A Cuban Frita is at its simplest a hamburger made of equal parts ground beef and chorizo. But it is so much more than isn’t it?
A Cuban Frita is kind of like having a classic American burger, but with a little Cuban flair. As we said above, it’s equal parts beef and chorizo but it’s the soft potato bread and overload of paprika with the crunchy little papitas that keep you coming back for more. It is bursting with flavor.
If you grew up in Miami, you probably have had a Frita. It is after all a right of passage. Sitting at any Cuban counter and ordering some fritas and batidos de mamey feels like a page ripped out of our childhood memories.
If you ever plan to visit, our absolute favorite Frita spots are El Mago de Las Fritas or El Rey de Las Fritas. But if you were really lucky you had an Abuela that could make them for you fresh and at home the way only she can:
My grandmother, Alita Lily, was known for a famous top secret frita recipe. Her uncle owned a famous frita restaurant in Cuba. The recipe stayed top secret. The only thing she ever told me was to incorporate grated onions into the meat. It really does give them a particular flavor and keeps the frita very moist.– Ani
So like Ani’s Abuela Alita Lily, we decided that this recipe should definitely include the grated onions. It is a great way to help keep the Frita moist and the change in texture gives it a good added dimension. Besides, you never question a legend.
What Every Cuban Frita Must Have
When it comes to the potato fries, we always say if you have time for homemade and are up for it- go for it! Follow the recipe to julienne your fries and fry them right at home. However if you are short on time or want to keep things simple, they sell the little papitas at your local Publix in the chip aisle.
As far as the bread goes, classically the Frita is served on a Cuban Bread roll. There is nothing wrong with going classic. However, we thought it would be good to mix it up and use brioche bread. If we are brainstorming ideas for bread we would also throw out a Potato roll, but you should use what you like.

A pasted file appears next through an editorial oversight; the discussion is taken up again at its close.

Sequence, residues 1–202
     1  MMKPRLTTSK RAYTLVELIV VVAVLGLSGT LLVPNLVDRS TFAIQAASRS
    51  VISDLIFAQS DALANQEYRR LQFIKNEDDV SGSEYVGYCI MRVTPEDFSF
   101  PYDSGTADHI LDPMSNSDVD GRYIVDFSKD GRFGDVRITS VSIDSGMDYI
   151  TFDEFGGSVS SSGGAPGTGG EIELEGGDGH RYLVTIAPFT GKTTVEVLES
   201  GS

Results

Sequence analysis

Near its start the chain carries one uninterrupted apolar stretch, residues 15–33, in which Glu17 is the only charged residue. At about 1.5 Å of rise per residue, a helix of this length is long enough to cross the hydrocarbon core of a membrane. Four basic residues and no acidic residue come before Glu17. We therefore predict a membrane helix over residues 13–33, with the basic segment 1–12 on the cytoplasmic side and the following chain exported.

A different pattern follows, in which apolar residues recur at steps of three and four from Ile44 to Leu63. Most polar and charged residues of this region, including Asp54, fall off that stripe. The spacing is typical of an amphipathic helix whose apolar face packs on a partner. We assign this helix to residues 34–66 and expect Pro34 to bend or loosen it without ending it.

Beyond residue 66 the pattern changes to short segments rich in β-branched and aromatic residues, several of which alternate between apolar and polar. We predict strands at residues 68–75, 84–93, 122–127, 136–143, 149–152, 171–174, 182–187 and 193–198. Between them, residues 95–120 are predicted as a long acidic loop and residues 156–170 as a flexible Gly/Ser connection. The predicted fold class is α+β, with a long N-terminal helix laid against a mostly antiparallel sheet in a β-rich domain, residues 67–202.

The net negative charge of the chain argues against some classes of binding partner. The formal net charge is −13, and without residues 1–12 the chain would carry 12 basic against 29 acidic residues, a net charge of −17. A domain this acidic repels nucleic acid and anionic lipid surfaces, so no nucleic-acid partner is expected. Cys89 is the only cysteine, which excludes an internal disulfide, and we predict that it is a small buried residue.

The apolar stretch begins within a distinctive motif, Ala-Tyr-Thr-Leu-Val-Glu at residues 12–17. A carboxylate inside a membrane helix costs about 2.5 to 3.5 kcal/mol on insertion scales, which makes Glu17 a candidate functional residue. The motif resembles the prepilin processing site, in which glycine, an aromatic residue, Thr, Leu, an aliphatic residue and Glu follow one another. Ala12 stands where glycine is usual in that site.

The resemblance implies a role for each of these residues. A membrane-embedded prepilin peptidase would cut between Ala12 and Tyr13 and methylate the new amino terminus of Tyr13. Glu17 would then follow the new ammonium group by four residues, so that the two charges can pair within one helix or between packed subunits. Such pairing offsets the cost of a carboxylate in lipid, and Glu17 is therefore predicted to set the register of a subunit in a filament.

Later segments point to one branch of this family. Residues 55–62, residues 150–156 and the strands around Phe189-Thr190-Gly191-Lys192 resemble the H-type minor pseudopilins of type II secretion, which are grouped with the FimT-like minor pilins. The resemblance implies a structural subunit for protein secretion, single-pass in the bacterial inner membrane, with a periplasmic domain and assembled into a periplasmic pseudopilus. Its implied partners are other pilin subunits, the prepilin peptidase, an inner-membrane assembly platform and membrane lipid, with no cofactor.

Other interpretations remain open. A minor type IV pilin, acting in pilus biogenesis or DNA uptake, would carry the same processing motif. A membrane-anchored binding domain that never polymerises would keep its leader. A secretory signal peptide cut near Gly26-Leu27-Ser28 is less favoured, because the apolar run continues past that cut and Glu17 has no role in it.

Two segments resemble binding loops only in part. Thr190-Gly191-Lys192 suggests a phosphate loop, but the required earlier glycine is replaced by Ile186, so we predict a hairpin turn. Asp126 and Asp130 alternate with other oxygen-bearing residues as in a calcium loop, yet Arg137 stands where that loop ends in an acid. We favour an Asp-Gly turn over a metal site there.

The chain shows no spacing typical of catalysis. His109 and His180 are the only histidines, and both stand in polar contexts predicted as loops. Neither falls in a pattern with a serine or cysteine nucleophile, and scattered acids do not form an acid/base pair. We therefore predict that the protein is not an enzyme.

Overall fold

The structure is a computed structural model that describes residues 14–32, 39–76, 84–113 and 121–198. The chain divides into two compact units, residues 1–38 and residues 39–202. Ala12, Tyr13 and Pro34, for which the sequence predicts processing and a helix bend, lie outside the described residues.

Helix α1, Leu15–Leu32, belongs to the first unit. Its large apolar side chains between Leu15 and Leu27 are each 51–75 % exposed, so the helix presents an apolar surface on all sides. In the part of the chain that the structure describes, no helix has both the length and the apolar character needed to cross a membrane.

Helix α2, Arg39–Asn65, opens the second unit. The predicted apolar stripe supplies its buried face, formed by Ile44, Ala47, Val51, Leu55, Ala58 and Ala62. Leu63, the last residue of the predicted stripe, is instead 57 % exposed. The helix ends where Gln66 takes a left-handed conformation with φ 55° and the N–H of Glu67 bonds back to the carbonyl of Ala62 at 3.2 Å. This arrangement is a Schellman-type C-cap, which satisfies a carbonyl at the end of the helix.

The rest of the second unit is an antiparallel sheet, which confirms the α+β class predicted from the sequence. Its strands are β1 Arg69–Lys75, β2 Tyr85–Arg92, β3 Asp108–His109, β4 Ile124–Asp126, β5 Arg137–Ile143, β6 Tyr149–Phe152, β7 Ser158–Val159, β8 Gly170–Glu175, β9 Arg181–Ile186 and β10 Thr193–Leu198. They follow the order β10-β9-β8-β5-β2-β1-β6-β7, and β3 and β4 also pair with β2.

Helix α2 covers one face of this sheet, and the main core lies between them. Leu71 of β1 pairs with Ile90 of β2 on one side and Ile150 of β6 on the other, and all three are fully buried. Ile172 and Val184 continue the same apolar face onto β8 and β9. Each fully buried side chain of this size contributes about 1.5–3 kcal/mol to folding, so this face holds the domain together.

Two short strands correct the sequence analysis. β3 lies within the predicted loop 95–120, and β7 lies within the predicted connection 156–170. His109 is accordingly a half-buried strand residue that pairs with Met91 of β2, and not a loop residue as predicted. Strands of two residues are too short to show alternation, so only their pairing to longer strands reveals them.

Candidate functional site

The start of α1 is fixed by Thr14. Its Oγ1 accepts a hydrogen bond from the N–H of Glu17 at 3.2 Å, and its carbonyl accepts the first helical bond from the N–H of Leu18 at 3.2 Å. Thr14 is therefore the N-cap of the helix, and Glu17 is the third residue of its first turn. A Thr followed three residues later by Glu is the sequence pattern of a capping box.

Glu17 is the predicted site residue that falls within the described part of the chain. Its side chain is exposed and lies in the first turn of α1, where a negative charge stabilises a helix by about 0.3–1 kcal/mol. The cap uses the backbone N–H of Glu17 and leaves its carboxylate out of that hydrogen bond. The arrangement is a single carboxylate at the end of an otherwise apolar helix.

Cuban FritaCourse: EntreeCuisine: CubanDifficulty: Easy
1/2 pound of lean ground beef (90/10)
1/2 lb fresh raw/fresh chorizo sausage (remove casing from 2 chorizos)
3/4 c of grated onion (from about 2 small onions)
1 teaspoon sweet paprika
1 teaspoon of smoked and spicy paprika
1 1/2 teaspoons of salt and fresh cracked pepper (and more to taste)
6-8 leaves of iceberg or romaine lettuce
1 Yukon gold potato, sliced very thin and cut julienne
Canola or peanut oil for frying
2 teaspoons of mayonnaise
1 tablespoon of ketchup & 1 teaspoon separated
- First things first, let’s make the dipping sauce by adding the ketchup and mayonnaise in a bowl and mixing well. Set aside.
- Now it’s time for the Frita. In a large bowl combine the ground beef and fresh chorizo out of the casing. Then we are going to season with salt, pepper, paprika, and tablespoon of ketchup. Finally we will add the grated onion. Mix everything in gently so everything is well combined and homogeneous, but don’t over mix because you don’t want the meat to become tough.
- Make 6 to 8 balls from the mixture, then smash them gently. They should be very thin.
- In a griddle or nonstick pan, heat to medium low heat. You don’t need oil because the burger will be fatty enough. Place patties on the griddle and cook for 3 minutes on one side and then flip. Cook for another two minutes.
- While the Fritas are cooking, it’s time to make the shoe string potatoes and the sauce. Start by heating 1 to 2 cups of oil in a frying pan to medium heat. Fry the potatoes in batches until they are golden brown. Drain them on paper towel and salt them. Set them aside
- In a small bowl add the mayo and ketchup and mix.
- Let’s Build the Frita: Place the frita on the bun, top with sauce, lettuce and the potatoes. Press and serve.